Nicholas Carter
Brown University
Age: 27

"The Kean Fellowship is important to me personally because it helps me spend a year in Haiti before returning to finish my final year of medical school. I hope to use my medical degree, surgical training and language skills to contribute to academic medicine in and for Haiti."

I was raised in a Quaker meeting that partnered with a Haitian-American church for youth events in Massachusetts. I attended Williams College, where I majored in history and played rugby. Before medical school, I worked as an emergency medical technician and volunteered at a primary care clinic in the Dominican Republic. 

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In medical school, I gravitated towards surgery and Haiti. I read two articles that left particular impressions on me: an op-ed in the Washington Post about maternal mortality in places where access to emergency obstetrical surgery is limited, and "Surgery and global health: a view from beyond the OR," which labeled surgery the "neglected stepchild" of efforts to improve care in poor countries. I was also inspired by the career of Dr. Russell White, one of my professors at Brown and chief surgeon of Tenwek Hospital in Kenya. During the summer before second year, I did lab research in trauma surgery and traveled to Port-au-Prince with a close friend from college. I applied for the Kean Fellowship and other funding opportunities to support a year in Haiti, and now I am researching malnutrition and gaining clinical exposure at St. Luc Hospital on the outskirts of Port-au-Prince.

What impact will the 2011 Kean Fellowship have on your future?
The Kean Fellowship is important to me personally because it helps me spend a year in Haiti before returning to finish my final year of medical school. I feel that now is my best chance to become fluent in Haitian Kreyol before embarking on a general surgery residency. This year of clinical research and service in Port-au-Prince is also teaching me about the obstacles to improved health in the capital and will inform my future efforts. My hope is to use my medical degree, surgical training and language skills to contribute to academic medicine in and for Haiti.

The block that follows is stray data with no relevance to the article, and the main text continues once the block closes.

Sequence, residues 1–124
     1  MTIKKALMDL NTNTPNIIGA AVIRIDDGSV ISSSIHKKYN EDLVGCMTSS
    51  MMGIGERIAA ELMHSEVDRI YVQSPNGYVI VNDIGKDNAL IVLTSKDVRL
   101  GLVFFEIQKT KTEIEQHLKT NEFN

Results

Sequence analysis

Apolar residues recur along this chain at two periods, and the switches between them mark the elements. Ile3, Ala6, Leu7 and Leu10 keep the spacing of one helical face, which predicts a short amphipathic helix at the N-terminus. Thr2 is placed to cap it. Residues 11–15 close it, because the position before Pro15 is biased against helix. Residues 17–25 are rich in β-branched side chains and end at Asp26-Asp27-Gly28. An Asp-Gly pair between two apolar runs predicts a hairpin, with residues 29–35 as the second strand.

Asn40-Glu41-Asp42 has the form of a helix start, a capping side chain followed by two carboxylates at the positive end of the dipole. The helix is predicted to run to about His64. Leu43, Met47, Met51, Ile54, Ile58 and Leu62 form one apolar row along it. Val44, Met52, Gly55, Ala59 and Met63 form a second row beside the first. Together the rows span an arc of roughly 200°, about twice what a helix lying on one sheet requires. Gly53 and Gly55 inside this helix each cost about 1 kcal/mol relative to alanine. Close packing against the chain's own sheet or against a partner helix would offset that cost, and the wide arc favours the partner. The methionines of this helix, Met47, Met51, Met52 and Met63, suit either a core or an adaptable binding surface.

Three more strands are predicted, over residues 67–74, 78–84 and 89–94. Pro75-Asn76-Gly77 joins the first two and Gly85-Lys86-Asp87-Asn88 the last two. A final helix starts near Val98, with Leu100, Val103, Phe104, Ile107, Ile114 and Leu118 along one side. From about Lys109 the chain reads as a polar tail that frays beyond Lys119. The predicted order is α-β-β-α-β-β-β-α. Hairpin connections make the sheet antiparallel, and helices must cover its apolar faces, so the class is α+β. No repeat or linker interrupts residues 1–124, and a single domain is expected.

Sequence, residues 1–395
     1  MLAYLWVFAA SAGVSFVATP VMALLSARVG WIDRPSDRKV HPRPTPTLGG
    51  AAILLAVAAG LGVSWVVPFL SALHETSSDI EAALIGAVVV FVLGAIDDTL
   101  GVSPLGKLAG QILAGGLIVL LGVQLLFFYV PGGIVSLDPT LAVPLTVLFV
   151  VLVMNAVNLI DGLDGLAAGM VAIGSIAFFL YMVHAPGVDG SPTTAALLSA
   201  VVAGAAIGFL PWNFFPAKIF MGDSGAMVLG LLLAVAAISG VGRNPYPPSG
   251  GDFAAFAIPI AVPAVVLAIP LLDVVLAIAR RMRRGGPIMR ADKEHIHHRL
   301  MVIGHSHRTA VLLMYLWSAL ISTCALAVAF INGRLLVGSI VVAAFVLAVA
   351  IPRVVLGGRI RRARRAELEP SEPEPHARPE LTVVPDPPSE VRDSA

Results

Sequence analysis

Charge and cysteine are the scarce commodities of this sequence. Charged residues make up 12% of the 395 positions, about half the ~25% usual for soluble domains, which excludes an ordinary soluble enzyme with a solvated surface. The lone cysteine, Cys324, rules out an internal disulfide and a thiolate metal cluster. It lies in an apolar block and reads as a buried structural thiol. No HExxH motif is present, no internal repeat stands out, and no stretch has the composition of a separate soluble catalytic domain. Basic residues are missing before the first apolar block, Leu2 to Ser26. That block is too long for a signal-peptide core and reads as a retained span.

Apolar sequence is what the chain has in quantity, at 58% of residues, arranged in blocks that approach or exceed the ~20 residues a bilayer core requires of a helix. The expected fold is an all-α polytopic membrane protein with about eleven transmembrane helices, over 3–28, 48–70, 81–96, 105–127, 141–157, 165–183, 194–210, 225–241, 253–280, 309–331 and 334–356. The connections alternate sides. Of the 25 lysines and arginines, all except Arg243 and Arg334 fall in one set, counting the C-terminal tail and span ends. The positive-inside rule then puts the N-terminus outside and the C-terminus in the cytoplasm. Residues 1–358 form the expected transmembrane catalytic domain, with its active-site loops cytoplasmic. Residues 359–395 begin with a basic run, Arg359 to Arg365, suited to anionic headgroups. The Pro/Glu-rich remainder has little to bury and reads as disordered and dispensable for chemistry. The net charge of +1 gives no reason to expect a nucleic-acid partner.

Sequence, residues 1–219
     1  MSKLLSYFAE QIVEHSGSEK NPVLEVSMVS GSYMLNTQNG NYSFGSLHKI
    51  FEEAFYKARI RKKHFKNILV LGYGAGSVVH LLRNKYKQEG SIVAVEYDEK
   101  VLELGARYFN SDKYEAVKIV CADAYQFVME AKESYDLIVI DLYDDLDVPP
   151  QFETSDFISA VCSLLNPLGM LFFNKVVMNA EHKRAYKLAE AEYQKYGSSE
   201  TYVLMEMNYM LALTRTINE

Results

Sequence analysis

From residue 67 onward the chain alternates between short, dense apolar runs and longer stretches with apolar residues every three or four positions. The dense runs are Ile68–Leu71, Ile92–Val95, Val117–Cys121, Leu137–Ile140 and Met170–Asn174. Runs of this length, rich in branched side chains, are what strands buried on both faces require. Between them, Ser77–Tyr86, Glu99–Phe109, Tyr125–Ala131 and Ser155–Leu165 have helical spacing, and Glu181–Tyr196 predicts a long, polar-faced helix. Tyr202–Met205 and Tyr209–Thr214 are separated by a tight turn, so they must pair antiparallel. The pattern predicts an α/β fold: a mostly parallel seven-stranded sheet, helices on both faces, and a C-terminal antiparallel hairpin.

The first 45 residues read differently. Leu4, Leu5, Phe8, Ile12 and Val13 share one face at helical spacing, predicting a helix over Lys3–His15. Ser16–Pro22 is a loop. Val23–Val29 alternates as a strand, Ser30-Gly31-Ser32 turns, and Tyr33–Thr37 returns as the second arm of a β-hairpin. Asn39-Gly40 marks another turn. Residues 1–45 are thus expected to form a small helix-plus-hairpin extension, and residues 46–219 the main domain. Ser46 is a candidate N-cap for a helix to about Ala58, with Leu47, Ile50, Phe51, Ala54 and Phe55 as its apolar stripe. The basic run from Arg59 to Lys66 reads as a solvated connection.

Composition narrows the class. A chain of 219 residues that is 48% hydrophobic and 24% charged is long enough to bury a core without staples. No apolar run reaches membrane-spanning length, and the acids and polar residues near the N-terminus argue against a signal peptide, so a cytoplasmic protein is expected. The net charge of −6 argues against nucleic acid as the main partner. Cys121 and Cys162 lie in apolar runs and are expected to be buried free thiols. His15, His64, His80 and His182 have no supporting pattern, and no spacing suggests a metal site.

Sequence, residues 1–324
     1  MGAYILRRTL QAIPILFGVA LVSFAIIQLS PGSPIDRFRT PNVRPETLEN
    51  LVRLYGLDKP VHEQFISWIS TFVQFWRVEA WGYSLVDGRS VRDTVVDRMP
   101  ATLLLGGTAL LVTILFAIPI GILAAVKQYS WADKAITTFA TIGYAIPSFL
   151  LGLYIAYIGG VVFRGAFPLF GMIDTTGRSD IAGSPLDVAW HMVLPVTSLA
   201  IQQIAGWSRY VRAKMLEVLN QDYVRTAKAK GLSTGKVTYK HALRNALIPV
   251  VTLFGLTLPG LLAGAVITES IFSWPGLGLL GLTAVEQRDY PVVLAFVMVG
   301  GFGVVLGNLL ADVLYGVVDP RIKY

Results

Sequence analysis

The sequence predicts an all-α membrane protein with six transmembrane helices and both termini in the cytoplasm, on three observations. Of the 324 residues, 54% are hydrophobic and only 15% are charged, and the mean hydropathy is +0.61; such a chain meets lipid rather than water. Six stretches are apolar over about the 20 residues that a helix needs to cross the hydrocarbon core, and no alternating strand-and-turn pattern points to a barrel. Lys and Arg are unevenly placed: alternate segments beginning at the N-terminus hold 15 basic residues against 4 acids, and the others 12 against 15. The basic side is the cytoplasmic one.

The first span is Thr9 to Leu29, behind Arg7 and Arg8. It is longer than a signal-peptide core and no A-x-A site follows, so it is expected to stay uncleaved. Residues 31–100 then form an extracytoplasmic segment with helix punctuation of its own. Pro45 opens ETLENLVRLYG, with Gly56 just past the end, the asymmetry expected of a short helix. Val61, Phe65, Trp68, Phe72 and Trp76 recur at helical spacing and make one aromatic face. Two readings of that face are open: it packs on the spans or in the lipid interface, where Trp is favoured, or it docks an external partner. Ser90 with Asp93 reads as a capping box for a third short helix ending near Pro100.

Describe some of your most memorable travel or work experiences.
In August 2009, I made my first trip to Port-au-Prince, Haiti with a college friend to visit his extended family. We traveled throughout the city to such sites as St. Jean Bosco church, which had been attacked by arsonists while then-future president Jean-Bertrand Aristide was preaching in 1988. We also toured St. Damien Hospital, a pediatrics hospital that Brown University has since supported through a teaching partnership. The experience left me determined to learn Haitian Kreyol to help me serve patients in Haiti and the United States. 

What advice would you give to those just entering school or trying to determine their specialty or field of interest?
The best medical school-related advice I ever received was from a senior physician at Brown: "In medicine you will be pulled in 50 different directions by mentors and colleagues who want to help you work on their projects, but no matter what, you have to make sure you are doing what makes your heart sing." At every step in medical school, consider the factors that will make your heart sing later in your career--whether they are working with specific patient populations, disease processes or approaches to research. Especially if you are interested in global health, be careful not to narrow your field of interest too early; all physicians working in developing countries should be capable of performing as competent general practitioners, as they are often called to do. If you treat each of your medical school courses and clerkships as crucial to your future work, you will not only enjoy medical school more, you will be better prepared to work abroad.